Jaime: Yeah, I think a lot of it’s not understanding and then it’s so easy you know for an organization’s culture to be defined transactionally. And when you look at the . . . as Jay has talked so many times in the research that we all so often have seen, the just scarily high attrition rates in both volunteerism and the donor community and the drivers of that because donors feel disconnected. Donors so often, volunteers become commodities inside of organizations and they become about how many checkbooks can I get in the door as opposed to am I empowering those people who care to become change-makers within the organization, and so the culture becomes defined by transaction and it’s just unfortunate but so often it’s not by design. It’s by default.

Steven: Right. And one thing you talk about a lot is that board members really have to buy in to this. Can you explain why it’s important for board members to really believe in this because they’re kind of not on staff officially and maybe some of them aren’t doing fundraising but why should the board really buy into this culture of philanthropy idea?

Jaime: Absolutely. So when you think of the board as the most intimate constituency an organization has. So we have in the nonprofit world we have these volunteers who are legally charged to make decisions that change a person’s life and they’re at this place of greatest intimacy serving as donor-volunteer-advocate level constituencies. And so often as we work with our clients it has to start with understanding that the board is the most intimate constituency we have and that first, we have to understand how to empower them as a donor-volunteer and advocate level constituency. And when we can start to view the board through that lens, then we’re able to take that same sense of servanthood and begin to apply it to those who care about us through volunteering, who care about us because they work for the organization, and/or our donors and again our broad base of volunteers.

So if the board doesn’t understand that, then when it comes down to decisions about things that run the slippery slope of transactionalizing our assets, the board’s going to define leadership unfortunately transactionally and the organization’s unfortunately going to start making decisions that commoditize its environment as opposed to seek to engage it.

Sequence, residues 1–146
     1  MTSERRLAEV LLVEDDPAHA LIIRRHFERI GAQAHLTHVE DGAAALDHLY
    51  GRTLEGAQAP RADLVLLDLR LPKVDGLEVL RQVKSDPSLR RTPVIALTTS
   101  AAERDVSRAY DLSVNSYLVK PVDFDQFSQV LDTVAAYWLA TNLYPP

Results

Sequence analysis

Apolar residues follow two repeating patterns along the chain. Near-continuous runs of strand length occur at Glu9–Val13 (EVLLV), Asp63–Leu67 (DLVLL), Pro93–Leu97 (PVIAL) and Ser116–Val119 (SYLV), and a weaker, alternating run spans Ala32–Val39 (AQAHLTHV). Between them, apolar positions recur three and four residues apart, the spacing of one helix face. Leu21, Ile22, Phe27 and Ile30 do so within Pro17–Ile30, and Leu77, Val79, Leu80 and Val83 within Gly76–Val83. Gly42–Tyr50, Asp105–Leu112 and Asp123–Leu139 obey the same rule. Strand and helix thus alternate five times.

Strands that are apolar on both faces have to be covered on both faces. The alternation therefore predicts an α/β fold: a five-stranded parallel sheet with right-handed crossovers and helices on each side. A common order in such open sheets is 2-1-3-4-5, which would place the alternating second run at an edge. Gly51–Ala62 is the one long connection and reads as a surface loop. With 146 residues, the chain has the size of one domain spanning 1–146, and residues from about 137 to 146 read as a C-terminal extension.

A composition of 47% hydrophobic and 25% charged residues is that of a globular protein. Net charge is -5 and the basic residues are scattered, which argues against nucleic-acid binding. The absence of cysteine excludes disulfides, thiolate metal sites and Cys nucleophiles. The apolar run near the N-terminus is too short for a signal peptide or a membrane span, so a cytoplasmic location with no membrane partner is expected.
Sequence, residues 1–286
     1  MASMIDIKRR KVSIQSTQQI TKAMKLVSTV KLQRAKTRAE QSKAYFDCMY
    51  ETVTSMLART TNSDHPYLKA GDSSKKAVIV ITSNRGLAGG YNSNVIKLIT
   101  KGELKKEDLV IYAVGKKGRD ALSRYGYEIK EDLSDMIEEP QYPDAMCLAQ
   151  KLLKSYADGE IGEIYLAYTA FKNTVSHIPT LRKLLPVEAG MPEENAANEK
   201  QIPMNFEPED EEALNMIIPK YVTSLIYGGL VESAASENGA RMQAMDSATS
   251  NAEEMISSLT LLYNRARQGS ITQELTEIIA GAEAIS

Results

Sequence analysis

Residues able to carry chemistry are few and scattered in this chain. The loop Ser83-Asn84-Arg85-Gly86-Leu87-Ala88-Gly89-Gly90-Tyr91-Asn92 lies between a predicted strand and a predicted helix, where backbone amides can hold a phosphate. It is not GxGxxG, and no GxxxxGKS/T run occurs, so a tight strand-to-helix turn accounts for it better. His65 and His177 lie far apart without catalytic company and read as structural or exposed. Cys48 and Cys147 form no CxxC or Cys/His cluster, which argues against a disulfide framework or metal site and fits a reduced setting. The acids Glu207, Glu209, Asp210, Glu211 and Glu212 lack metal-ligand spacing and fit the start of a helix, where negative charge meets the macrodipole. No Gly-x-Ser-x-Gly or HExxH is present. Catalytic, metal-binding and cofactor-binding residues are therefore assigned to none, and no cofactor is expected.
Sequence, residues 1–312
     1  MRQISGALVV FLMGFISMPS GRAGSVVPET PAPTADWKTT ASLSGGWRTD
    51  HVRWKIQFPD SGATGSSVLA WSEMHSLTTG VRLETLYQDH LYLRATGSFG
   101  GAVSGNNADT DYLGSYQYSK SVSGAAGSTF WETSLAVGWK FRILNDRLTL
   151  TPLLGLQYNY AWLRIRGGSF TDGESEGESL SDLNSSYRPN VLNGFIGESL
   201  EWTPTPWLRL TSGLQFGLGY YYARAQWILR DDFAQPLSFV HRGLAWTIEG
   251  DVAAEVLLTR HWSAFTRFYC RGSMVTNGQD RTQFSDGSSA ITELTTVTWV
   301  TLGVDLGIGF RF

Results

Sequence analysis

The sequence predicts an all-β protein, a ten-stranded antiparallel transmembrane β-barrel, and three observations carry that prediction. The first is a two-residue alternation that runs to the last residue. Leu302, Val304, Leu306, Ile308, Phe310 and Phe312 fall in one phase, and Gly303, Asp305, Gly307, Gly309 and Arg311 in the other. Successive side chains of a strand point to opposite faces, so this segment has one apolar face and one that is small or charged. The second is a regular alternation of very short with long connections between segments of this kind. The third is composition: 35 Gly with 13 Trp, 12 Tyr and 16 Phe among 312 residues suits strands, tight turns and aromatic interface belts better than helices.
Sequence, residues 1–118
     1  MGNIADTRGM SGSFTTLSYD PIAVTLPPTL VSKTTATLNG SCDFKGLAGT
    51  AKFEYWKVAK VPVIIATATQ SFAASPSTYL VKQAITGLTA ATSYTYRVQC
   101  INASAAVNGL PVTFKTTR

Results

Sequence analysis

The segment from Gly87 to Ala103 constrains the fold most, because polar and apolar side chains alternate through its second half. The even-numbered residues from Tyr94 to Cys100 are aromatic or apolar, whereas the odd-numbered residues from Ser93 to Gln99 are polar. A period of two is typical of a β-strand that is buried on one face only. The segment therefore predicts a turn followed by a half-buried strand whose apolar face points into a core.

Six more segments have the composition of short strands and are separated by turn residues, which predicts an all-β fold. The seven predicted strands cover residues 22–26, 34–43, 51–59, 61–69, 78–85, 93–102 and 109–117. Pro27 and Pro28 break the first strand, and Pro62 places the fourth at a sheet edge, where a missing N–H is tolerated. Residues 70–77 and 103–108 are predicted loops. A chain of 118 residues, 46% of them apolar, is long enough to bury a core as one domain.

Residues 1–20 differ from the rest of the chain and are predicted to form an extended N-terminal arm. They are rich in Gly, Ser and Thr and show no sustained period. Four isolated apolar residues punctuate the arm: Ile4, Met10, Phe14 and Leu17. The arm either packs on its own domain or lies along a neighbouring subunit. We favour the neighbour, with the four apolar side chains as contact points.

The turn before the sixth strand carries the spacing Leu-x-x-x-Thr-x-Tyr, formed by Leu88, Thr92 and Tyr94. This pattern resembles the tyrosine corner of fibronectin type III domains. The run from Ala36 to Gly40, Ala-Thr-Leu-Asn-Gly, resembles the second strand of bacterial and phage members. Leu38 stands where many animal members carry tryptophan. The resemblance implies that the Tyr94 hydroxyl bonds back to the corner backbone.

Steven: Right.

Jaime: And create co-ownership around the organization and its cause as opposed to just being about something that they do. So it has to start with the board because again they’re legally charged at the most intimate place of impact within the organization.

Steven: And do you find that a board can be transformed, or is it a matter of finding new board members in some cases?

Jaime: I think it’s both. There are a lot of people in the field that have predicted a lot of train wrecks in the nonprofit environment because studies show that the average board is advocating leadership and becoming more focused on management and the average executive director because of programs like what we have at IU and other institutions and practical development programs in the field. You know the average expert in the field is being equipped to lead as opposed to just manage and at some point that creates dynamic tension within an organization. And as you begin to change the culture of the board, you begin to really define and find out who is there because they’re holistic advocates for the cause as opposed to who’s there because they’ve been turned into a commodity.

Steven: Right.

Jaime: It’s what we do. As a firm we’ve spent, we’re now at 14 years of building board culture within our clients and helping them to navigate through this journey and for board members to be able to discover is this the place that they should be? And we tell our clients the greatest thing you can do for a volunteer, especially a board member, is to help them grow to a place to where they have to make decisions about their interests and their priorities so that they can come to that place of knowing, “I’m passionate about this and I bring assets that can make a difference not just monetary, I don’t mean that but my intellectual asset, my heart, my comprehension of the cause, the connections behind it,” and just empowering people, volunteers to become leaders.